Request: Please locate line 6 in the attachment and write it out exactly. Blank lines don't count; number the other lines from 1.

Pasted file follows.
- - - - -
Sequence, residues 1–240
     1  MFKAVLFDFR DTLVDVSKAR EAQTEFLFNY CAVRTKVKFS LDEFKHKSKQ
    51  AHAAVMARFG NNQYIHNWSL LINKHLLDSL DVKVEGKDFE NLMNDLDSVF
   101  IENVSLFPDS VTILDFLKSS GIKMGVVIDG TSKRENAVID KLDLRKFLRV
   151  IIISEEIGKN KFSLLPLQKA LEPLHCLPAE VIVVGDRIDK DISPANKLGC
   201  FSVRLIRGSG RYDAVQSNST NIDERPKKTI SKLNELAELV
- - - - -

   201  FSVRLIRGSG RYDAVQSNST NIDERPKKTI SKLNELAELV